Because Hermes Trismegistus told him the secret of the sacred writing and he read the walls of the pyramids of Unas.  Just kidding. Plutarch and Diodorus Siculus both wrote long accounts of the Egyptian gods. The words "Osiris", "Isis", and "Horus" are all Greek words, not Egyptian words. Milton makes extensive reference to both authors in his poems. ...


8

There appears to be an explanation in the book Generations by (the late) William Strauss and Neil Howe. It has to do with kinds of people, specifically generations, that became teachers immediately after World War II. The older of these two was the so-called World War II generation. This generation provided the soldiers that beat the Nazis, but having ...


7

James B. Conant, a higher education reformer and president of Harvard University from 1933-1953, adopted the Scholastic Aptitude Test (now known simply as the SAT) for Harvard admissions in 1941. Harvard was one of the last selective Northeastern schools to drop its separate entrance examination— though it had used the SAT for evaluating scholarship ...


6

According to this government site, illiteracy has been shrinking almost steadily from 1870 on (with one little hiccup between 1947 and 1950). According to Wikipedia, the US had a very high literacy rate in 1870, and this was during the creation of a national public school system. With increasing school availability and legal requirements to attend, it ...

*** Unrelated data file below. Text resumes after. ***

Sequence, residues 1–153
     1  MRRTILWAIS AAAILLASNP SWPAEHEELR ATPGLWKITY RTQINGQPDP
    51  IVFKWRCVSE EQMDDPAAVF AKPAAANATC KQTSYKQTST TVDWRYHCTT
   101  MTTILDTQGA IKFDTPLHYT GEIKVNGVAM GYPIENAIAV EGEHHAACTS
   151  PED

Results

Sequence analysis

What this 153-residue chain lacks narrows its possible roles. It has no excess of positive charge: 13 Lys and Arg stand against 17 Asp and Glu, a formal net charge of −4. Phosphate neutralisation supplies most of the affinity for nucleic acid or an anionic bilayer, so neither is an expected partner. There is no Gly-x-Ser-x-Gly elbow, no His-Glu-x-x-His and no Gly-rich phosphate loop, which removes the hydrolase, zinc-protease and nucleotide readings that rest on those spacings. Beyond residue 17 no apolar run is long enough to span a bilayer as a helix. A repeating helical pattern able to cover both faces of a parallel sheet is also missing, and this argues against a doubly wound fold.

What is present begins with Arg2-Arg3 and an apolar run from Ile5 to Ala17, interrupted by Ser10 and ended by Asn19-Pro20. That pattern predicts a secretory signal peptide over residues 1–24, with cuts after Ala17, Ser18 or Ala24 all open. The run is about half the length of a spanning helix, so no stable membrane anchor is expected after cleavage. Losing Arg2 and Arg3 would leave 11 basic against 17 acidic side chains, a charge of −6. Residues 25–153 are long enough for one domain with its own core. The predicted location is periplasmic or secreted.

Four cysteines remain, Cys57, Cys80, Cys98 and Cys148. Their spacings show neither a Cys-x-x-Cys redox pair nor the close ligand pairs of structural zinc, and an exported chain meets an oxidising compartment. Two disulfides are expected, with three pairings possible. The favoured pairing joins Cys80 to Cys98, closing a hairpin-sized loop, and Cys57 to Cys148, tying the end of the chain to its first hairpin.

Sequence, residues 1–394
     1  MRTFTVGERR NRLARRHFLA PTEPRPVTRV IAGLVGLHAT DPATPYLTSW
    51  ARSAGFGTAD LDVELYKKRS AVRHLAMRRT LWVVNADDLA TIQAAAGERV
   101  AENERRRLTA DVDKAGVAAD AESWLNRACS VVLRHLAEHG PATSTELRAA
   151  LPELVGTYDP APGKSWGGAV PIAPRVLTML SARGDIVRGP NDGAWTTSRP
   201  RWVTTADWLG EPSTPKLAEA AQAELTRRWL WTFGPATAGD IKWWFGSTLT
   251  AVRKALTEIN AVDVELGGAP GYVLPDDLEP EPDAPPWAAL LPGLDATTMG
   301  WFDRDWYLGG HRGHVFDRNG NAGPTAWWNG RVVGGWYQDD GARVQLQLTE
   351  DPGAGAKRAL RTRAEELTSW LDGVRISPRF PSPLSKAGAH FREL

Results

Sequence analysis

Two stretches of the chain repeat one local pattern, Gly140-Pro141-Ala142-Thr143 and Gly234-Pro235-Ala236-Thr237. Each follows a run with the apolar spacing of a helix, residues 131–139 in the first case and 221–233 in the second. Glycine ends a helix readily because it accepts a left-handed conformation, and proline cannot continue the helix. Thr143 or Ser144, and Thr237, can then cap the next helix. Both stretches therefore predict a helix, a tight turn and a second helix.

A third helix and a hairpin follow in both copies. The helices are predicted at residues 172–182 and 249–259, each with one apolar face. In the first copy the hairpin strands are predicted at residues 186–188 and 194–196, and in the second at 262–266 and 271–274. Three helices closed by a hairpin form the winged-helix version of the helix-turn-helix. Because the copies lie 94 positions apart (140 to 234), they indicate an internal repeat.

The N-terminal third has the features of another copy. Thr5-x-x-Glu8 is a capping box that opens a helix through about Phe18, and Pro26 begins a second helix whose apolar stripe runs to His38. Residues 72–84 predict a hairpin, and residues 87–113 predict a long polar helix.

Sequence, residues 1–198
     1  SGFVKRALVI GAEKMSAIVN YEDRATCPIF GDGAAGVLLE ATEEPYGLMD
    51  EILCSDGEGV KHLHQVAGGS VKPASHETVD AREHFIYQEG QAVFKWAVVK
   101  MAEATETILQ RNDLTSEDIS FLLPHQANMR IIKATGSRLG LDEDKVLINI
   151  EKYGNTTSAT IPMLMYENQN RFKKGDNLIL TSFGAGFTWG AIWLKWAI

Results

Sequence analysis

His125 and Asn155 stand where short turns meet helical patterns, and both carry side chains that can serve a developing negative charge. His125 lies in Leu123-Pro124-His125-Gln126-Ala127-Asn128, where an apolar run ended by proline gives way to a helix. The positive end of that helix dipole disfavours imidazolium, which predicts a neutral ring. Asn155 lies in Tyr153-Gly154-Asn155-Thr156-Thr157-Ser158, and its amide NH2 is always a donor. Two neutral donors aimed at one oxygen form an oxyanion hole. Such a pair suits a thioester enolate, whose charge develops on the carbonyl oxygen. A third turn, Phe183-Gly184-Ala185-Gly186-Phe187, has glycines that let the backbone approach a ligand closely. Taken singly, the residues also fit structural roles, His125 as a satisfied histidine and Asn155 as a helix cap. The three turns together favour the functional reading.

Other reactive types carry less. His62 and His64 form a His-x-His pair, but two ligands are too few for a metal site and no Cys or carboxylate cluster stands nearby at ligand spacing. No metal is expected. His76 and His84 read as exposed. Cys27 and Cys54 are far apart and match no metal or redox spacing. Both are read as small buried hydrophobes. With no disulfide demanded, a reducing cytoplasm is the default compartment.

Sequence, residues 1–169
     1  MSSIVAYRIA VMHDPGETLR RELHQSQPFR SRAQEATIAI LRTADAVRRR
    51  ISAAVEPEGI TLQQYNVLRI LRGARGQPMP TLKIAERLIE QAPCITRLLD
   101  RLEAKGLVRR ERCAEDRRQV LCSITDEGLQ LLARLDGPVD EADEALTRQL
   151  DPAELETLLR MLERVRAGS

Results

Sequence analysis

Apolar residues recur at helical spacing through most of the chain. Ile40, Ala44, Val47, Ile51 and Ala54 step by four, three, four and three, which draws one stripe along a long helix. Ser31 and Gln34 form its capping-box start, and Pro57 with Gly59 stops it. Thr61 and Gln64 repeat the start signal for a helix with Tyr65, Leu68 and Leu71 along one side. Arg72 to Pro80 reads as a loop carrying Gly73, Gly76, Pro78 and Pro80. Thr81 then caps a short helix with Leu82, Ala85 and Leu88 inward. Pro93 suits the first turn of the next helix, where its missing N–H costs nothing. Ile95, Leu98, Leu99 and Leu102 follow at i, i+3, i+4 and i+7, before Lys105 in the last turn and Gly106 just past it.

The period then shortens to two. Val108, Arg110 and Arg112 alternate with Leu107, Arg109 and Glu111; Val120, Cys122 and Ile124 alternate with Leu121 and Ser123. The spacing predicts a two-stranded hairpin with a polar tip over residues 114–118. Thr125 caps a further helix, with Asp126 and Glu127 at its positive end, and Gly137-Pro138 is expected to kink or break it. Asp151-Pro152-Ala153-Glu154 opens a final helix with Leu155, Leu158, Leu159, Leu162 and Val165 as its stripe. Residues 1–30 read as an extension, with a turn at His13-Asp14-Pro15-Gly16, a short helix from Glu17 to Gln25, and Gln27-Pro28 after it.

6

I tried looking at the biographies of known native Africans. An obvious starting point is Nelson Mandela, he went to the University of Fort Hare. Close but no cigar: that university was founded in 1916. However, his biography also mentions University of South Africa (founded as University of the Cape of Good Hope in 1876) and University of the Witwatersrand (...


6

The slaveholding colonies and states of the American South are one such example, where the slaveholding class used illiteracy as a way to make it easier to control the enslaved population. An act from South Carolina of 1740 made it a fineable offense to teach slaves to read or write: Whereas, the having slaves taught to write, or suffering them to be ...


6

He had a very good education for the age – as Encyclopaedia Britannica says: The elder John Milton [...] enrolled his son John at St. Paul’s School, probably in 1620, and employed tutors to supplement his son’s formal education. [...] Educated in Latin and Greek there, Milton in due course acquired proficiency in other languages, especially Italian ...


6

Entrance varied dramatically by time and place, with students enrolling at Oxford or Paris around the age of 14 to study the liberal arts, and at Bologna around the age of 30 to study law. Historically the curriculum of a liberal arts degree was first the study of the trivium of grammar, rhetoric and logic, followed by the quadrivium of arithmetic, ...